Are Your Facility’s Restrooms Baby Boomer Friendly?

During Older Americans Month this May ensure your restrooms are suitable for an aging population

Are Your Facility’s Restrooms Baby Boomer Friendly?

When building owners and managers design public restrooms, they discuss, review, and consider countless features and products but consistently base their final decisions on two priorities: the number of individuals the restroom must accommodate at one time and the overall cost. Unfortunately, this narrow approach to restroom design leaves little to no room for considering the varying needs of the restroom users themselves.

Accommodate the boomers

The United States boasts a population of more than 341 million, according to the World Population Review. It’s fair to suggest that the majority have used or will use a public restroom some point during their lives. For many of those people, public restrooms are sufficient. That is, they provide access to the essentials, such as a toilet, toilet paper, a sink, soap, and paper towels and/or a hand dryer. But for many others, public restrooms present a myriad of challenges.

According to the 2020 U.S. Census, at 73 million strong, baby boomers—those individuals born between 1946 and 1964—make up 24.3% of the U.S. population, the second largest group after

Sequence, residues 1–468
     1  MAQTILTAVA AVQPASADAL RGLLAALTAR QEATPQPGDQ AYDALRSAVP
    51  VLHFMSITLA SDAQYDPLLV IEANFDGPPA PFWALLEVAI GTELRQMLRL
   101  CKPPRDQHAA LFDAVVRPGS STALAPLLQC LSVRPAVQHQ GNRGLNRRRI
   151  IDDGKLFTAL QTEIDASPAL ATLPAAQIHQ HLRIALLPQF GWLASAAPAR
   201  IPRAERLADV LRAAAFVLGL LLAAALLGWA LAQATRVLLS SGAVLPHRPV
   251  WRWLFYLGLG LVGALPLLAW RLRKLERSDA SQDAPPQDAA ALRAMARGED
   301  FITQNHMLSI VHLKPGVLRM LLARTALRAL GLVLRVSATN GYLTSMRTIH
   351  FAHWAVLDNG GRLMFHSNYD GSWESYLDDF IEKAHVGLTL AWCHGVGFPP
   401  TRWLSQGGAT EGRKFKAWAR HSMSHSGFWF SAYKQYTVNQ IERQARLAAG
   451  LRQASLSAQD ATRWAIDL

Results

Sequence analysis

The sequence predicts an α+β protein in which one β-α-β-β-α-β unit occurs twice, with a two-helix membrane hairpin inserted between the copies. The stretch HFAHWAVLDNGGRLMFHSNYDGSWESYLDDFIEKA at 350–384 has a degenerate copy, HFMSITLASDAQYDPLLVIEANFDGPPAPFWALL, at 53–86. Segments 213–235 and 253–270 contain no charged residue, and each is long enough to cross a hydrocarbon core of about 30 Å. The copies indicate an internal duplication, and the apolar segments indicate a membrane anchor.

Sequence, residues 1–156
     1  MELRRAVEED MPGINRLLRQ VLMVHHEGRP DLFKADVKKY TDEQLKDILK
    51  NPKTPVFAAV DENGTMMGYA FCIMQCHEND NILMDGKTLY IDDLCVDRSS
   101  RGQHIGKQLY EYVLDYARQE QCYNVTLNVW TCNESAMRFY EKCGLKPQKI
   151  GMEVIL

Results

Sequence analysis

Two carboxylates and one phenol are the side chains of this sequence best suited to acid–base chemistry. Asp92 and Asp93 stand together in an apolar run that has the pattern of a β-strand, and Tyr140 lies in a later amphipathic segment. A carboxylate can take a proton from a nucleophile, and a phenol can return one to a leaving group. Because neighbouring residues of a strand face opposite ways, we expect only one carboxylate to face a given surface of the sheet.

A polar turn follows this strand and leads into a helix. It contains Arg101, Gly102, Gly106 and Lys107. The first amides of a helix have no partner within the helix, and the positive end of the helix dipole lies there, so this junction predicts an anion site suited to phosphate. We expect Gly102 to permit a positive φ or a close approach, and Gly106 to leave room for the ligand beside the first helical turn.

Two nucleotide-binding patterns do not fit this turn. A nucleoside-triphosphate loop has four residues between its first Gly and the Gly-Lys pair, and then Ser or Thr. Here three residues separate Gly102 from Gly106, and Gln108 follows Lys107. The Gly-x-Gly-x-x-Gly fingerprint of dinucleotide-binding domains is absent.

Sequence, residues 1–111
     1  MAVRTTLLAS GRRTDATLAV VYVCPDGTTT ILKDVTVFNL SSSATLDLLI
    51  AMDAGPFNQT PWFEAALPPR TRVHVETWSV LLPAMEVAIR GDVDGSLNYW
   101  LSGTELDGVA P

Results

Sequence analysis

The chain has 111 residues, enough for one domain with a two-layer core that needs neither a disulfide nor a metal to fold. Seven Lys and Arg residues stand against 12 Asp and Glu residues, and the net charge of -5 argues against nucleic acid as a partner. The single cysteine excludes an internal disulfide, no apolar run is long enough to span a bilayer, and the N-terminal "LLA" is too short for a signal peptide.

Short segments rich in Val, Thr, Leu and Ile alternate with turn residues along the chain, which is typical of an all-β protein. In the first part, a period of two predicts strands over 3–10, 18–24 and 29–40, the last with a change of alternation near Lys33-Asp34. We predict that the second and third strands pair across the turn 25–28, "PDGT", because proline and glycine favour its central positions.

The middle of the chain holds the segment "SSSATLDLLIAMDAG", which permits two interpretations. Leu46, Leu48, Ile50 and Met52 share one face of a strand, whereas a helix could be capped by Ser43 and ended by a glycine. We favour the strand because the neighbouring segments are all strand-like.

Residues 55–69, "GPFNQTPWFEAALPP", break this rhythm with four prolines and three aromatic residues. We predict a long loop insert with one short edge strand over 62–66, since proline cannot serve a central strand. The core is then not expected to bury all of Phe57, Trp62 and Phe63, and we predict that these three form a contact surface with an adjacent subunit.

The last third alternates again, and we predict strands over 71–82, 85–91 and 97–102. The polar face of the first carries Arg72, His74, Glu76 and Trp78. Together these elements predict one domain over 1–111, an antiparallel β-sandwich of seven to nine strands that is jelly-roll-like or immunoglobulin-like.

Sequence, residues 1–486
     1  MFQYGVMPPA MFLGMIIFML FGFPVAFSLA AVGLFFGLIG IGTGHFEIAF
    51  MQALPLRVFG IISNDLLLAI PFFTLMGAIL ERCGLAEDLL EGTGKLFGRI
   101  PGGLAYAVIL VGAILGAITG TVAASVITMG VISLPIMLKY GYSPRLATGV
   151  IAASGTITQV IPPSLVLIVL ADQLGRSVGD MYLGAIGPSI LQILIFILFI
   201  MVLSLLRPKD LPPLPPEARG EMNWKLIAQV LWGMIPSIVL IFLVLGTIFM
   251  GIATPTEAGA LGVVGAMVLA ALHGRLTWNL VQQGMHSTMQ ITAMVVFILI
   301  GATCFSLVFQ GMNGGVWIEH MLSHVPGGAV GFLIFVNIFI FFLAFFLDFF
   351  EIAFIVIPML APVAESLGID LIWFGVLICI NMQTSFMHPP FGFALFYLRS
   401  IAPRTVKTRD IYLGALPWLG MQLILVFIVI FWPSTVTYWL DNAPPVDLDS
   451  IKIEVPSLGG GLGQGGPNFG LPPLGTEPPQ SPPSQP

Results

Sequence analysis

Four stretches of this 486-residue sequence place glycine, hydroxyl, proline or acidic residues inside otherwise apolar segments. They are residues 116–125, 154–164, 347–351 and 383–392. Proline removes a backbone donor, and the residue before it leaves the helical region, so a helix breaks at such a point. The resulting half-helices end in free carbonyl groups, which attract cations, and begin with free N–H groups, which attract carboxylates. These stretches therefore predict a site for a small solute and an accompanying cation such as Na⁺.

millennials. The census also projects that, due to increased life expectancy rates and lower birth rates, older adults will outnumber children less than 18 years old for the first time in U.S. history
by 2034.

Not only do baby boomers make up the second largest group of Americans, according to Bank of America, in 2023, they spent a higher share of their income on travel and entertainment than any of the younger generations. Bank of America’s data also points to boomer spending remaining robust throughout this year, in part due to boomers delaying retirement, cost of living increases to
social security, and the fact that, in aggregate, they have roughly five times the amount of assets as millennials.

Collectively, the data suggests that a significant number of older Americans are now and will continue to go to work, dine out, attend live events, and travel the country. In all probability, they will
be using public restrooms while doing so.

Why age matters

No typical senior exists, and no typical aging timeline has developed. But during the aging process, molecular and cellular damage can occur over time, and often leads to a gradual decrease
in physical and mental capability. The World Health Organization lists aging-associated health conditions include hearing loss, cataracts, back and neck pain, osteoarthritis and diabetes. Scripps
identifies Type 2 diabetes, Alzheimer’s disease, and arthritis and joint replacement among the top health conditions affecting older Americans.

Each of these health conditions includes symptoms that can impact a person’s quality of life. Type 2 diabetes, for example, can cause nerve damage and foot problems that make it difficult to walk or stand. Cataracts can cause clouded or blurred vision that impacts depth perception. Arthritis can impact dexterity, mobility, and stability. And the general decrease in physical ability caused by aging leaves many seniors contending with fragile skin, a loss of grip strength, and a lack of coordination, along with instability and balance problems.

An awareness of these potential health conditions and their related limitations and impairments is crucial in designing restrooms that can better accommodate aging Americans who pursue active lifestyles.

Design with intention